"Taken" is the second track released from the 37-year-old Londoner's long-overdue debut full-length album, Varmints. It's a 12-"song" collection that's been highly awaited by those who've listened to Meredith mature in public (since 2004, she's served as a composer in residence with the BBC Scottish Symphony Orchestra, among many credits), as it has been by the "experimental pop" audience who discovered her work via a pair of EPs (2012's Black Prince Fury and 2013's Jet Black Raider) on the excellent U.K. indie label Moshi Moshi.
"Taken" should disappoint neither constituency. With its syncopated mix of sequenced synthesizer, bursting Pixies-like guitars, two-part male-female harmonies speak-singing like they're auditioning for one of Brian Eno's vocal records of the mid-'70s (a la Eno, the lyrics seem chosen more for their syllabic rhythms than for meaning) and a simple 4/4 beat, it splits the art-pop difference between minimalist piece and proggy post-punk anthem. But more than anything else, like much of Meredith's music, "Taken" sounds exceedingly human, aspirational and not overwrought. When guitarist Jack Ross, drummer Sam Wilson and she finally scream out the song's title towards the end of its circuitous five minutes, it's a life-affirming release after rounds of wrenching musical tension.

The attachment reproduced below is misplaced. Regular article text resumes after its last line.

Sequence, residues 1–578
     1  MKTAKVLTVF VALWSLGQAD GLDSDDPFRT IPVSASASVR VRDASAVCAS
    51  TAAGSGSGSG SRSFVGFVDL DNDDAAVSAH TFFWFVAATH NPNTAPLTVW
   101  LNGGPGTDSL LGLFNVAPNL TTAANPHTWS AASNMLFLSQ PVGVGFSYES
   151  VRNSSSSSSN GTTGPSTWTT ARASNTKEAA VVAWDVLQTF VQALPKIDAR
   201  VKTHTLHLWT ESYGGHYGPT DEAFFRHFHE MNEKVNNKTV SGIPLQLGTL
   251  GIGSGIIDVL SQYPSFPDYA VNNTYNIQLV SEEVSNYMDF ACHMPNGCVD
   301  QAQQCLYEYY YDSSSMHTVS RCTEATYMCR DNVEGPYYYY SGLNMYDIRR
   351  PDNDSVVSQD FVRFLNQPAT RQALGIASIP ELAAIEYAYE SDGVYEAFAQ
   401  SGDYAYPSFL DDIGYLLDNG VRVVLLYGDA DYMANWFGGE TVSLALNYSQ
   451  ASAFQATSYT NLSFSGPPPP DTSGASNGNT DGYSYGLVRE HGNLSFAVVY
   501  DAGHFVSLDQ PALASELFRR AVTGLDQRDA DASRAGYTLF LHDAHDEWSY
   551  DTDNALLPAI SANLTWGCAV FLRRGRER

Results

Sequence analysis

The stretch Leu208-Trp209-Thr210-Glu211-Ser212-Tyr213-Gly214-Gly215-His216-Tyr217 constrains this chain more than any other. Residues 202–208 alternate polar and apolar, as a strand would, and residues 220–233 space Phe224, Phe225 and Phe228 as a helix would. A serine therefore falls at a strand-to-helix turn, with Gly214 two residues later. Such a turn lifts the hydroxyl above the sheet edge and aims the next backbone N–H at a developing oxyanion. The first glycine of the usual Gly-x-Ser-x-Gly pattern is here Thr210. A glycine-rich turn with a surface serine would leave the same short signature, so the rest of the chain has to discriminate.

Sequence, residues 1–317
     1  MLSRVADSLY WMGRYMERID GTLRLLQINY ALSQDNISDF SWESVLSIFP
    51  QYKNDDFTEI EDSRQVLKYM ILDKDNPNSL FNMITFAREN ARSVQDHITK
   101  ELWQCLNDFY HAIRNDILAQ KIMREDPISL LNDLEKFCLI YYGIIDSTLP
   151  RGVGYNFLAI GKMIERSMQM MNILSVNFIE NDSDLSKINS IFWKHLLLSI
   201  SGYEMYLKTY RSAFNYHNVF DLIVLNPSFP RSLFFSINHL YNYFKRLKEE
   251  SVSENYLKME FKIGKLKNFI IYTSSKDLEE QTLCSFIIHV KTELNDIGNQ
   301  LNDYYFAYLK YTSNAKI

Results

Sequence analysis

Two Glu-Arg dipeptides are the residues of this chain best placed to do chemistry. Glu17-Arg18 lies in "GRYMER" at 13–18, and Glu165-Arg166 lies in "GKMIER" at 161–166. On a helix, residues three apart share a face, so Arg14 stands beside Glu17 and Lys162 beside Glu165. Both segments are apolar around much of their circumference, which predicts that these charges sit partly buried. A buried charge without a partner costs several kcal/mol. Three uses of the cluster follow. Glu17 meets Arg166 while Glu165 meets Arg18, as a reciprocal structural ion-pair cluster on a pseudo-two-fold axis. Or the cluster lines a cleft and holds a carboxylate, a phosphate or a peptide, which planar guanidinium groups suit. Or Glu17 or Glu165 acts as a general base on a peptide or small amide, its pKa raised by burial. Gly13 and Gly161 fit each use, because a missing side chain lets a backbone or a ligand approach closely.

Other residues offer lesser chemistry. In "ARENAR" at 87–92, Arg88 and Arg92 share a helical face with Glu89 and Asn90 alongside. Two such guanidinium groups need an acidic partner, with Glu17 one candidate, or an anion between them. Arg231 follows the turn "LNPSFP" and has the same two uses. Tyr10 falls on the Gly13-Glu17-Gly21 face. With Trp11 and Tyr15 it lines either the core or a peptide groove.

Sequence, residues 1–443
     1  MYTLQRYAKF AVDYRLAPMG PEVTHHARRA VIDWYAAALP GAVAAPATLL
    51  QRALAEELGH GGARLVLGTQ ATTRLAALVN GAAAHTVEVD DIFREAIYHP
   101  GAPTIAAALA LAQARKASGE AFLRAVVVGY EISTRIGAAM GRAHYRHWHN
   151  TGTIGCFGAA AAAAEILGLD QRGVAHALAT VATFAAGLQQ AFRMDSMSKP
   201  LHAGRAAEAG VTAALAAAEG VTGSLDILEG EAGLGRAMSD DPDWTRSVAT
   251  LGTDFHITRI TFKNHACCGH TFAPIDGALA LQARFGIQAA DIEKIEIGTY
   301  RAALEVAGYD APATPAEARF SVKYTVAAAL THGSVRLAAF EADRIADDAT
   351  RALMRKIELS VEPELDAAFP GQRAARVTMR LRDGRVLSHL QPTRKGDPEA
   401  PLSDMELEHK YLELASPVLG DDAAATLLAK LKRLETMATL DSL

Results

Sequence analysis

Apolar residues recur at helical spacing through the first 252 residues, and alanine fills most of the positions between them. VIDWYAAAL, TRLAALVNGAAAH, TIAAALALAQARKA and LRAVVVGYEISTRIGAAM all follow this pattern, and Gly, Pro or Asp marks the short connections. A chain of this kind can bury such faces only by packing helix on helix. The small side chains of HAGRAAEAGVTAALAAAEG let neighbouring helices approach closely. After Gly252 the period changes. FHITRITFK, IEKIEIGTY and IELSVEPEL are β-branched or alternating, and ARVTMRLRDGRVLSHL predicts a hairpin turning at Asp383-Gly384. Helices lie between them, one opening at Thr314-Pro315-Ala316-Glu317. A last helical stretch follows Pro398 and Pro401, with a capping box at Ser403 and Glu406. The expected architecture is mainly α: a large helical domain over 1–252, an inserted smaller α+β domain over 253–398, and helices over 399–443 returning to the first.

Meredith also has a history of working with art-minded visuals (she's collaborated with her sister Eleanor, a prominent illustrator) and of commissioning music videos that could easily live in a gallery. Hence, it's no surprise that, when discussing his rhythmically astute, system-oriented clip for "Taken," the director Ewan Jones Morris cites "[David] Hockney's 'joiners' and Sol Lewitt's photographs" as inspirations. The video is eminently playful and light-hearted, yet as tightly wound as the music it accompanies.